Helena traveled on a pilgrimage to Florence, Italy only to come face to face with her fate. A young, innocent lady named Diana, meets Helena and happens to be courted by Bertram as well. She is confronted “with an utterly incredible chance to attain her heart’s desire” (Goddard 43). Cunningly, Helena develops another plan to meet the requirements of Bertram’s letter,by convincing Diana to follow through by a bribery of money. Diana trades rings with Bertram, receiving his family ring and giving him Helena’s ring received from the king in exchange for her virginity. When the lights are off in the evening Bertram sneaks back to receive his end of the bargain, Diana and Helena trade places so Helena is the actual sexual performer. This is called a “bed-trick” which becomes a key element in the plot of the play. Levin Schucking writes in honor of Helena’s act of “such a humiliating situation is aproof of a great love.” However other critics are “strongly against any facile acceptance of the bed-trick” (Hunter xlv). Surprisingly leaving the scene of the play, Helena stages her death which causes much grief to all that knew her. Some critics think that Bertram truly regrets ever leaving and “has come to love [her] now that she is dead” (Goddard 39), but I believe that it was only an act he put on to cover up his real feelings of happiness that he was free of Helena at last and perhaps he felt guilty for not giving her a chance in the first place.
Most readers at this point in the play are confused as to why Helena would pull a crazy disappearing act when she had accomplished everything the letter told her to do, the impossible. R. L. SmallWood states that “Shakespeare obviously wants the tenderness and love for the rather awkward young [person] to be reflected [by] the audience… to put them in a frame of mind in which they are more likely to accept [rest of the] chain of events. This absence in the scenes creates a sort of longing for Helena to come back and prove her accomplishments. By bringing Bertram back home, it creates a good setting for Helena to reveal her secrets to everyone all at one time and which forces Bertram to accept her as his only one for ever, her ultimate goal. However before she returns, the Rossillion’s family friend Lafew offered his daughter to Bertram’s hand as an engagement (How most marriages are arranged in that day). In an unplanned frenzy, Diana appears unexpectedly to stand up for how Bertram had wronged her by using and losing her. Catching him in the act, the two-sided Bertram should hold his head low in disgrace for the fallacies of his digressions. The scene is mass chaos and nobody completely understands what has happened until our heroine Helena arrives, a classic example of situational irony, and reveals her “secret weapon” (Hillman 74). The play instantaneously flips upside down and some character’s roles reverse. Helena becomes quiet and passive in apprehension of the outcome she needs and Bertram falls into a trance of remorse and maturity. Without even questioning Helena’s authenticity of pregnancy, he confesses “If she, my Liege, can make me know this clearly, I’ll love her dearly, ever, ever dearly” [V. iii. 365-367] exposing a change of heart and a new found devotion. Although the critic Samuel Johnson was not fully convinced that Bertram’s admission to Helena was authentic: I cannot reconcile my heart to Bertram; a man noble without generosity, and young without truth; who marries Helena as a coward, and leaves her as a profligate; when she is dead by his unkindness, sneaks home to a second marriage, is accused by a woman whom he has wronged, defends himself by falsehood, and is dismissed to happiness (Bloom 345). I believe most men just need a slap in the face, metaphorically or physically speaking, to make them come around and see things the way they are and how they should have always been.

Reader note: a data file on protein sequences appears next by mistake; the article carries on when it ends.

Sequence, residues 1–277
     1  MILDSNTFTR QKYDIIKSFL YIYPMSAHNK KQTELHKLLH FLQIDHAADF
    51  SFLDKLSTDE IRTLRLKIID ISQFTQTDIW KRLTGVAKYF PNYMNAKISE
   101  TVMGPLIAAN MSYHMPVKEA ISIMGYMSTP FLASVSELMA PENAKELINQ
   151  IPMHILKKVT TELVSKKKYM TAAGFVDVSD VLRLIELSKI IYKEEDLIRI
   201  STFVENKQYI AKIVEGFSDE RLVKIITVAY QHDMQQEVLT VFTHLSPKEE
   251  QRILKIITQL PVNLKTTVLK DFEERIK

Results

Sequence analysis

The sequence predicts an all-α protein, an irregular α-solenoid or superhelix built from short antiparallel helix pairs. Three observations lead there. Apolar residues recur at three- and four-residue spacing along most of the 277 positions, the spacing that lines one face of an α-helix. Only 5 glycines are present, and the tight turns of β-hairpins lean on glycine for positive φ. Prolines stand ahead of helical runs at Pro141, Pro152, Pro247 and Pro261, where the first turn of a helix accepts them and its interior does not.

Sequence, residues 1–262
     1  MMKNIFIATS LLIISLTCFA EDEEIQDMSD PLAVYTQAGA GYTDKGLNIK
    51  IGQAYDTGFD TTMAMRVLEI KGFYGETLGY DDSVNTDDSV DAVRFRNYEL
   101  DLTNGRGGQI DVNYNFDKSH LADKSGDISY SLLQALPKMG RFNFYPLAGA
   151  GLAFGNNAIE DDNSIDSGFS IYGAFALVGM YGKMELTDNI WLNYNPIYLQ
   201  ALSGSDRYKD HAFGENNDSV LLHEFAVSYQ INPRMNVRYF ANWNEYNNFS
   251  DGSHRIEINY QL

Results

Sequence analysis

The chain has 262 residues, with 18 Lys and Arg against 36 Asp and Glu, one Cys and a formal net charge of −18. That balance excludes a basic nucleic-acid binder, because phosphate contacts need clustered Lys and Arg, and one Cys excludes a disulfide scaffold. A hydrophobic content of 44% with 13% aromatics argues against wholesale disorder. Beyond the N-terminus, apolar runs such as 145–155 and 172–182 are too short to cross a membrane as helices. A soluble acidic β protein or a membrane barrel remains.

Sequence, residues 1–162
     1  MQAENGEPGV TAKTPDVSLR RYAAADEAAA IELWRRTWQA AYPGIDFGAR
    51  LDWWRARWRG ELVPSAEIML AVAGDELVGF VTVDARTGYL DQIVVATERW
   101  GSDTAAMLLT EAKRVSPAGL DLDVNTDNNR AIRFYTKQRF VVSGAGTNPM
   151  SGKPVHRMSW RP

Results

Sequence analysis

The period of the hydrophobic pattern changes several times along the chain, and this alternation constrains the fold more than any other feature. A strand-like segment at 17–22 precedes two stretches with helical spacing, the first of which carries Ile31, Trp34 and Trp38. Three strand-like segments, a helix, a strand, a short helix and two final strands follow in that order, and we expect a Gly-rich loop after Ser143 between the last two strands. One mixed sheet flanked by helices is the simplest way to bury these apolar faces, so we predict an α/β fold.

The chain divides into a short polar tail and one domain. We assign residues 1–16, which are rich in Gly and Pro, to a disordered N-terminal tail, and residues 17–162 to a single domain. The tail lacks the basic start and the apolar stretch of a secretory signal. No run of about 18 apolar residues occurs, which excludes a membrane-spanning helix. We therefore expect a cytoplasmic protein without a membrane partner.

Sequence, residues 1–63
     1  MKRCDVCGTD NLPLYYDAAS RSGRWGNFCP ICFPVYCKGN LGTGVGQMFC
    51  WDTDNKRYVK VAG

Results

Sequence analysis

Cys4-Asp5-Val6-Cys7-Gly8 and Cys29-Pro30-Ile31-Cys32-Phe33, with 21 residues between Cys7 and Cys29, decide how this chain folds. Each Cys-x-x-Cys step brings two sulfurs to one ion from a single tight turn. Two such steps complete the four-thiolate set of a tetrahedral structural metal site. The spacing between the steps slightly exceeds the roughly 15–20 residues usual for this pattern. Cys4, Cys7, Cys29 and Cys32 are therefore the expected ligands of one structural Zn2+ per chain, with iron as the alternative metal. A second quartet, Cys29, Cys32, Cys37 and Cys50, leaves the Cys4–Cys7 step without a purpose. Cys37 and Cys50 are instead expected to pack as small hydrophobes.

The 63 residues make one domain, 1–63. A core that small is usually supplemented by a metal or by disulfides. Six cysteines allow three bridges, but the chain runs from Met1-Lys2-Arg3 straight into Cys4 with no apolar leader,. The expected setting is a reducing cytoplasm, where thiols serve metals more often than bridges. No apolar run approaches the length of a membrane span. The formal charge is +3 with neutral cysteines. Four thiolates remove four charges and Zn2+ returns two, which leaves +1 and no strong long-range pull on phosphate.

In conclusion to the effects of the “happily-ever after” ending to a “fairy-tale” beginning, Helena, through perseverance and a positive attitude to get her goals accomplished, found or should I say made her dreams a reality. By reversing the role of the man chasing after the woman, Helena knew what she wanted from the start and got her man in the end. She never gave up or settled for second best, which was not being loved in return by her true love. Although even the king may think “all [only] seems well” (V. iii. 385), the design of Helena’s destiny came true. This only goes to prove that women can get what they want and do not need to sit around waiting for the man to get over his immature stage because it may never happen. Contrarily, women should go out and make an effort to achieve what they are rightfully destined to posses with an honest heart and a pure purpose at steak.